A cryptographic security system consists of two fundamental components—a complicated mathematical algorithm for encrypting the information, and one or more values, called keys, known to parties authorized to transmit or receive the information packet. The greater the complexity of the algorithm, the stronger the cryptographic level of security in the cryptographic system. Because of its complexity, the algorithm can be kept secret or publicly disclosed without undermining the strength of the security system.
As an example of the encryption process, let's examine the situation where Party A intends to communicate confidentially with Party B using the cryptographic security system. First, Party A uses the algorithm and a key to transform the information in the transmitted information packet into encrypted information. In order to maintain the confidentiality of the transmitted information, the encrypted information does not resemble the information in the information packet, and the encrypted information cannot be easily decoded into its original form without the use of the algorithm and a key.
As such, the encrypted information is transmitted over the public networks on the Internet to Party B without disclosing the content of the original information packet. After receiving the encrypted information packet, Party B decodes the encrypted information using the algorithm and a key. When the encrypted information is decoded, the original information should be disclosed in the decoded information packet.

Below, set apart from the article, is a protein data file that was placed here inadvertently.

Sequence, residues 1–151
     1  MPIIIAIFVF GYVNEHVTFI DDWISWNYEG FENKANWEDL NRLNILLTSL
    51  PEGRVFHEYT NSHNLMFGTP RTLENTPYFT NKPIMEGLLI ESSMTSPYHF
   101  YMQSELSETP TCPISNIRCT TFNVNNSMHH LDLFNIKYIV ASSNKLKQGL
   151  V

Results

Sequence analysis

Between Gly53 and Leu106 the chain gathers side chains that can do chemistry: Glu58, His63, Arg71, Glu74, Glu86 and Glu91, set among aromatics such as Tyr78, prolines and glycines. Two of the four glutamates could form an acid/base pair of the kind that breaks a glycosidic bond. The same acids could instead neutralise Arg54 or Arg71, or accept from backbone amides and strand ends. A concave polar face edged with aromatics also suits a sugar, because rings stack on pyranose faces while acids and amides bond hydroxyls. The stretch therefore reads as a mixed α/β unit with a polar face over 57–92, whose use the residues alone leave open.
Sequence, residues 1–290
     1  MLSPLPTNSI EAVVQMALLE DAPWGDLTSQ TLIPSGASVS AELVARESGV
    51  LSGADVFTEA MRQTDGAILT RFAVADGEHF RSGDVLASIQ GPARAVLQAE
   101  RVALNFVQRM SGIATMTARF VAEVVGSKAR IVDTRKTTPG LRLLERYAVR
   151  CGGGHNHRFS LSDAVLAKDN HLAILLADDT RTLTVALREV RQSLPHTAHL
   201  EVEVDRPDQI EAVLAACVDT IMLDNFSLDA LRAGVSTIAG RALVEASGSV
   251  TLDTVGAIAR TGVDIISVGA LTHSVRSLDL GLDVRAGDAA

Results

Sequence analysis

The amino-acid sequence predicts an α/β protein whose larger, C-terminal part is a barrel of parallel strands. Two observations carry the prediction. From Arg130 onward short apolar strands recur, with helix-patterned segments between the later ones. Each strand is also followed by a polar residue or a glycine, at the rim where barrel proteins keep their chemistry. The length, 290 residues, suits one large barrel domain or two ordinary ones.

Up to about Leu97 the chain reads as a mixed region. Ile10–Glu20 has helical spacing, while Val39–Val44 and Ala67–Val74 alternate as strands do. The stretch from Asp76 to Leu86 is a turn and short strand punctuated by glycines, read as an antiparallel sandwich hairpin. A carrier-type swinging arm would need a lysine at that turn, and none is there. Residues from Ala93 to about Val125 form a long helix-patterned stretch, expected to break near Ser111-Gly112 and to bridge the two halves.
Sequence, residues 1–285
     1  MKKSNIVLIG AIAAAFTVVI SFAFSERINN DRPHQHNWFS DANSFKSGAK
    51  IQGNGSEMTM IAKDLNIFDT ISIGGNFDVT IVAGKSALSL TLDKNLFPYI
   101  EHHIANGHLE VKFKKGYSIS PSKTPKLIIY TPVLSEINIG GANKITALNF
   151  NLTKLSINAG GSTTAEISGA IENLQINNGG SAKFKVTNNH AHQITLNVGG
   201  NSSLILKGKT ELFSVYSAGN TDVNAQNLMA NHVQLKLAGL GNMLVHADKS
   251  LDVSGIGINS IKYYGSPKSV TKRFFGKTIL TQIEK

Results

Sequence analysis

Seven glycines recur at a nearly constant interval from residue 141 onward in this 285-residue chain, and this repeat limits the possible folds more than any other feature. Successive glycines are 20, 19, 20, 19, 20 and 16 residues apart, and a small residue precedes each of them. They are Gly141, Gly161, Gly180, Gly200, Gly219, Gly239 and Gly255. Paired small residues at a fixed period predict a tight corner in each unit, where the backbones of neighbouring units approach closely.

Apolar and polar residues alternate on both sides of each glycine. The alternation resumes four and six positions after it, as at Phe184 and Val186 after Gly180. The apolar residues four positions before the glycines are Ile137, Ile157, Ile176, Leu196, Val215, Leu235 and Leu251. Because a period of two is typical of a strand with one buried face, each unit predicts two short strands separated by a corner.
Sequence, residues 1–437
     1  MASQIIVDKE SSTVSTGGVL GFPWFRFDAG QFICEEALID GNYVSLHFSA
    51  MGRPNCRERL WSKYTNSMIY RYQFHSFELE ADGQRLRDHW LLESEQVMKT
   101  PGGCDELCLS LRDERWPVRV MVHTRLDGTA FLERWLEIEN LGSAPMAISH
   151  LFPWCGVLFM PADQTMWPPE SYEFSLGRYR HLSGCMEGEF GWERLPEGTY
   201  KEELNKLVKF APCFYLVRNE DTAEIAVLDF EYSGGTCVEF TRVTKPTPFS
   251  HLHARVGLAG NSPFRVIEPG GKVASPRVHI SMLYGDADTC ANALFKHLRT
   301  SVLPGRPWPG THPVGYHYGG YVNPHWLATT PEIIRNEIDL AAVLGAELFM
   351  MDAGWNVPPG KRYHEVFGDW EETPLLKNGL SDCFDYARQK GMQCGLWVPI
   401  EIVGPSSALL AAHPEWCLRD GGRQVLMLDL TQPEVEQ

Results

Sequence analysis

Key-Based Cryptographic Systems
It is preferable that the key be known only to the appropriate or authorized parties to the communication. This type of key is known as a “secret key”, and the sender and receiver of the information packet use the same secret key to encrypt and decode information packets with the algorithm. Public key encryption is also supported by cryptographic security systems where the sender has a public key and a private key, and the receiver has a public key and a private key. Messages may be encoded by the sender using the receiver's public key, and decoded by the receiver using the receiver's private key. Hybrid security systems are also used to encrypt and decode information in information packets. Accordingly, key-based security systems rely on the use of some type of secret key to support confidential communications.
Authenticate, Authorize and Accounting (“AAA”)
In an IP-based mobile communications system, the Mobile Node changes its point of attachment to the network while maintaining network connectivity. The Mobile IP Protocol (RFC 2002) assumes that mobile IP communications with a Mobile Node will be performed on a single administrative domain or a single network controlled by one administrator.